Thursday, January 10, 2008

Seattle Symphony sale

The SSO's ticket sale began yesterday. Last year, the catch was 20 concerts for $20 each. This year, the theme is changed slightly. 30 concerts for $30 each. The concert selection is a nice mix of interesting programs, special guests, and visiting orchestras.

In early February, folks can hear the orchestra perform Brahms' First Symphony alongside Schoenberg's Verklarte Nacht.

Dawn Upshaw is coming at the end of February to sing Golijov's Ayre. For months, Ayre was the only piece on the program. Recently, however, the rest of the program came into focus. Ayre will be paired with Stephan Hartke's Meanwhile, incidental music to imaginary puppet plays and George Crumb's Vox Balaenae.

One of the selections in March is the Bach B Minor Mass. Only recently have I warmed to this piece. From the Second City will be visiting the Emerald City and he will undoubtedly render an opinion on Seattle's flagship orchestra and their take on the Mass. Also, in March, Camerata Ireland comes to town bringing a light concert of Mozart, Prokofiev, Stravinsky and Tchaikovsky.

All of the concerts in the spring mini-festival "Coming to America," are on sale. Including, Prokofiev's Alexander Nevsky. The performance is actually part of the Seattle International Film Festival and will include a showing (I presume) of Nevsky. Another concert worth investigating is the performance of the Genesis Suite, Korngold's Violin Concerto, and Martinu's Third Symphony. The Martinu and Korngold deserve to be played more. The verdict is still out on the Genesis Suite. The suite is an amalgamation of music by seven different composers ranging from Stravinsky to Shilkret. The suite is more of a novelty than anything destined to endure as standard repertoire.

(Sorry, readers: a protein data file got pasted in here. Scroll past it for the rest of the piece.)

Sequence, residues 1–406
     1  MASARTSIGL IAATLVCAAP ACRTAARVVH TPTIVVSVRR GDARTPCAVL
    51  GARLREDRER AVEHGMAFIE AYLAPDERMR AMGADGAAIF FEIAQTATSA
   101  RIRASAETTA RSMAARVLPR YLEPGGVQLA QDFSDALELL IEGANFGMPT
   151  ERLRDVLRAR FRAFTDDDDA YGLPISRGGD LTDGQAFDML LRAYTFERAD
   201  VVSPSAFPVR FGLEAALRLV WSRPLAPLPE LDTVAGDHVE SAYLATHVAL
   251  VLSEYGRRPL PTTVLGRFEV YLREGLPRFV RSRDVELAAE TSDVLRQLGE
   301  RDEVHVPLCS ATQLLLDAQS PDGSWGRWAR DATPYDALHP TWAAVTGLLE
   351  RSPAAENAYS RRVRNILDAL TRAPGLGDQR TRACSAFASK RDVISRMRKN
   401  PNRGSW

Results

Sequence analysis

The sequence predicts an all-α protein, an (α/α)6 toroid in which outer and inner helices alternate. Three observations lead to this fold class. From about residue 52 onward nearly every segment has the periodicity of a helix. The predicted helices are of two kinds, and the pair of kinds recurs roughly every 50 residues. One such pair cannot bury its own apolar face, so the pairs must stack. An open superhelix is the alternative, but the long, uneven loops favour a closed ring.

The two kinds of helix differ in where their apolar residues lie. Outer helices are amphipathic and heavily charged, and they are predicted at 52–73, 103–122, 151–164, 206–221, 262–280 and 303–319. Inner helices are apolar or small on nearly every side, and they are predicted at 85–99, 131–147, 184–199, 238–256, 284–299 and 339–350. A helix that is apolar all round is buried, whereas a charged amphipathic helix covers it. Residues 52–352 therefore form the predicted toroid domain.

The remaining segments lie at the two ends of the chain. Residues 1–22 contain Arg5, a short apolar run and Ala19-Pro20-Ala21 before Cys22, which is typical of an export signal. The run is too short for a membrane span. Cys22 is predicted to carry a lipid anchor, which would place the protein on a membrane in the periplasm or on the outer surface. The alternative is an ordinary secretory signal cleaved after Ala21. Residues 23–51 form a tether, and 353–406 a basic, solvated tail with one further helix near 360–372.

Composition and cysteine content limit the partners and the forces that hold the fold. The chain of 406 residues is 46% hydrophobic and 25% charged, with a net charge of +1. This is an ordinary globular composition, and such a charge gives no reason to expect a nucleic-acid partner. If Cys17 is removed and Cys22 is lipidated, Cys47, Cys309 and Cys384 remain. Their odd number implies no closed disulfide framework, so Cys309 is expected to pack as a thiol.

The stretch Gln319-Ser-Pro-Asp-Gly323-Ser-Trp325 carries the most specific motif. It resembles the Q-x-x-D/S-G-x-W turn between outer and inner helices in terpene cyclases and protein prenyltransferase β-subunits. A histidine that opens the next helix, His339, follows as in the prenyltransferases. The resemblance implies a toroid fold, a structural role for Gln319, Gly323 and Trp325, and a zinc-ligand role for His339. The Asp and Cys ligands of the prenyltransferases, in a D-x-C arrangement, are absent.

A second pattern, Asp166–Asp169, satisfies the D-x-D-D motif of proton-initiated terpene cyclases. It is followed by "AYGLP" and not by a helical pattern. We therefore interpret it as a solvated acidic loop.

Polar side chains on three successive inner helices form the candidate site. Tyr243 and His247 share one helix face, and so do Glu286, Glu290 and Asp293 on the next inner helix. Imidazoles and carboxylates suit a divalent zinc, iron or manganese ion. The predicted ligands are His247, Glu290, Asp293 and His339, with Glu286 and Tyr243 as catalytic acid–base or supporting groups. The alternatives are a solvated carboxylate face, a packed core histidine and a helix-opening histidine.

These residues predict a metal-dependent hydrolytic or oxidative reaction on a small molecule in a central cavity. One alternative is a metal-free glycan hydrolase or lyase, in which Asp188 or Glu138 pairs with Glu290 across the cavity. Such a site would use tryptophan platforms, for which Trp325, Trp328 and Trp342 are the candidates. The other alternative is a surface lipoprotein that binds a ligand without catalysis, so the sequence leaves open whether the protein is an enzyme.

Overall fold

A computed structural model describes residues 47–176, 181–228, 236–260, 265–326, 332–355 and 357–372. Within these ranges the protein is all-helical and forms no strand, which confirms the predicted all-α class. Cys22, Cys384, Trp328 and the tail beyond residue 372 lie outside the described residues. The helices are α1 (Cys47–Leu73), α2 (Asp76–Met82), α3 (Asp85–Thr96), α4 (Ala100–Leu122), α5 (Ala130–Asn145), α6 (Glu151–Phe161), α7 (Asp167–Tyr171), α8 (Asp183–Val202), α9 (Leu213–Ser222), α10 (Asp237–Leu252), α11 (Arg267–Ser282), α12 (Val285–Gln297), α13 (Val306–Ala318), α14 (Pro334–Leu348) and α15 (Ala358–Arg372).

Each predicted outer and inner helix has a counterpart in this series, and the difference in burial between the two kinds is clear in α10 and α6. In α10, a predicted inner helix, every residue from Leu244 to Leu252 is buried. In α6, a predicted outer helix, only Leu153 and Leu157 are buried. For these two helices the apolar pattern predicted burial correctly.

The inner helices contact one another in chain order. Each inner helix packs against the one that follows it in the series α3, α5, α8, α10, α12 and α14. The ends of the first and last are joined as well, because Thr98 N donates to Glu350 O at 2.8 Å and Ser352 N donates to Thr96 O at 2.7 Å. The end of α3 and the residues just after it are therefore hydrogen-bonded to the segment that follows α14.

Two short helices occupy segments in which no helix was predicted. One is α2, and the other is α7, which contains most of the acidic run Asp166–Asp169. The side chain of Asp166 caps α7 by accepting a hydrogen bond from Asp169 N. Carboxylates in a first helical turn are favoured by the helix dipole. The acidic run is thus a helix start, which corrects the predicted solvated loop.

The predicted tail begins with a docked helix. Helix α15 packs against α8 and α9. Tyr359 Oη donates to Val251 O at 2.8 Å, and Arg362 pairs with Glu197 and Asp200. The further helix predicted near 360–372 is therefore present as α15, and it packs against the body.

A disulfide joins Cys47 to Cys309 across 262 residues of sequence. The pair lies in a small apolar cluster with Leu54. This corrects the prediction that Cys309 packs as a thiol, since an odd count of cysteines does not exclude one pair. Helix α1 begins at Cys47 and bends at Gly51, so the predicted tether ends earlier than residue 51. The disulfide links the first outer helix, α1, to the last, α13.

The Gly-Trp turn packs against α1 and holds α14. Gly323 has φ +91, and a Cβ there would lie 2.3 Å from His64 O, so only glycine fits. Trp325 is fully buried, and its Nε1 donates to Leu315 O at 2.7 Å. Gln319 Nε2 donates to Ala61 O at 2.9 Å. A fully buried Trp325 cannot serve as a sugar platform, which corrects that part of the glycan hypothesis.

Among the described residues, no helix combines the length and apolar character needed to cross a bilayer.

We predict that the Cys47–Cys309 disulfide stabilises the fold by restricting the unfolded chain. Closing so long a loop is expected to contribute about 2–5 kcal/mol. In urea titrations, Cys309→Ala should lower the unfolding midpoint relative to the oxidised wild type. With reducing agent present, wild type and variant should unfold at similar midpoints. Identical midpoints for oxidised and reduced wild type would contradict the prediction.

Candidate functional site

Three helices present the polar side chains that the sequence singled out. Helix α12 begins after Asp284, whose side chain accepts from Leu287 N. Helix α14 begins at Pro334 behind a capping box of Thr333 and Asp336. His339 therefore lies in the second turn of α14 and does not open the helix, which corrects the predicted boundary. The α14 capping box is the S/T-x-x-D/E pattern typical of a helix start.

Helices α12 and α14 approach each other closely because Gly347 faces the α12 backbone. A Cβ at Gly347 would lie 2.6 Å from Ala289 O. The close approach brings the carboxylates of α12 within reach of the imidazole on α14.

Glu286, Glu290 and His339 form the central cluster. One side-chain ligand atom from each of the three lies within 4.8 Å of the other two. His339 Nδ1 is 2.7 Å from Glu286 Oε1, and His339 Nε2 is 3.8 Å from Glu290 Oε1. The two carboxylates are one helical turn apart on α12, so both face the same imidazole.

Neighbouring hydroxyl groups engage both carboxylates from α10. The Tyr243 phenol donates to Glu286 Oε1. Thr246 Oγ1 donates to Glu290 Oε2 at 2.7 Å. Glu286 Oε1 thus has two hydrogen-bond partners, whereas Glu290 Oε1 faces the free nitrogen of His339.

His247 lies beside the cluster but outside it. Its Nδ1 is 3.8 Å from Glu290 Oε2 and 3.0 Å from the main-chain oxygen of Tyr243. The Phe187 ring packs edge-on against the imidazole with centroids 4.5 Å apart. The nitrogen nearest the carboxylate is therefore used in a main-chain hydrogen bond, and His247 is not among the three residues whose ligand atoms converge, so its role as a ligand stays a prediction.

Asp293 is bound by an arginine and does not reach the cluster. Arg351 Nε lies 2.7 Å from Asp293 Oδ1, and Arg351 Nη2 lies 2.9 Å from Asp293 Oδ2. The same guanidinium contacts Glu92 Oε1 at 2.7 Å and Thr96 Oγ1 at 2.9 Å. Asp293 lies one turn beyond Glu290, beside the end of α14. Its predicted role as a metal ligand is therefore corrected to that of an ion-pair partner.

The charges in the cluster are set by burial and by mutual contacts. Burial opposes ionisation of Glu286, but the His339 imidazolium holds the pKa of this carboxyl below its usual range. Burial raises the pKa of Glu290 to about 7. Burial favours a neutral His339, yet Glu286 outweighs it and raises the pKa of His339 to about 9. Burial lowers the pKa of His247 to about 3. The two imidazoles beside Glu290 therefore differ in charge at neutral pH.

Mahler's bleak Sixth Symphony concludes the orchestra's season and the concerts on sale.

Slashing ticket prices seems to be the norm these days. The St. Paul Chamber Orchestra cut their prices to $10 a ticket for younger patrons, Baltimore has $25 subscription tickets, and the Saint Louis Symphony has a $99 concert pass that lets patrons into nearly every concert between January 10 - March 2.

Seattle's offer may not be as generous, but it is still a good deal. Because the tickets are "best available" most seats are at least 50% less. The cost cutting is essential for most of the concerts on the list, especially the "Coming to America" festival. The festival features so much good, but not readily knowable music, that cutting ticket prices is probably the only way to generate a respectable audience. This good news for patrons who like to mix up their listening but are deterred by climbing ticket prices.

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